West Haven scored with 4:08 left in the first period when Conlan rolled left and then went six yards for the score.
In the second period, Johnson broke four tacklers at the five-yard line and lunged forward into the endzone with less than two minutes remaining in the half, making the score 14-0.
The Westies’ fired-up defense wasted little time in the second half and began pushing the Lawmen back and forcing them to punt.
Law quarterback Jim Ryan, who also handles the kicking duties, managed only one long punt during the contest. Bad snaps from center and a bruising defense caused Ryan to average only 18 yards per punt and gave the Blue Devils good field position all morning.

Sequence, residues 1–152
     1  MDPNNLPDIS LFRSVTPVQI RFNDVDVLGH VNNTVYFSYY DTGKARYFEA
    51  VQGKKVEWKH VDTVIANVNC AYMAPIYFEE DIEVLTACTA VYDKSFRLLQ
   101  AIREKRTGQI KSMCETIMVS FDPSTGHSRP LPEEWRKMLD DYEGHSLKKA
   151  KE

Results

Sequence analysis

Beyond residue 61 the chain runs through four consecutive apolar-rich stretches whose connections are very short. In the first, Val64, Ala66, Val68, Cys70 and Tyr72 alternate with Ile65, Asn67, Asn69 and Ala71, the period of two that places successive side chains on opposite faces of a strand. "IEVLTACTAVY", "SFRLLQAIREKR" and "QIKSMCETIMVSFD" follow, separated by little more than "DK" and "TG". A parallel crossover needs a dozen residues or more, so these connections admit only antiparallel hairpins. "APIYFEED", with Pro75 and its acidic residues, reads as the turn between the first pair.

The Westies defense, led by Ted Williams and John Befus kept Law from getting closer than the West Haven 30 yard line and that came when a West Haven onside kick was recovered by Law and they started their only possible drive but finally lost the ball on downs.
Williams, who plays linebacker on defense and tackle on offense continually kept the Lawyers off-balance by blitzing and opening gaping holes on offense.
Johnson, who carried the ball 25 times and averaged over seven yards a carry, was joined in the backfield by Tom Lavery, who also gained over 100 yards.
“We tried our short game to their right side and our long sweeps on their left,” Coach Joe McHugh said. “They are a good ball club, but our boys have played consistently all year.”
On the Law defense, the Pietrini brothers, Pete and Russ, made most of the Jonathan Law tackles.
The Westies, fired up for the second half, stopped Law cold as the Lawyers managed only 35 yards passing and were minus 26 yards rushing.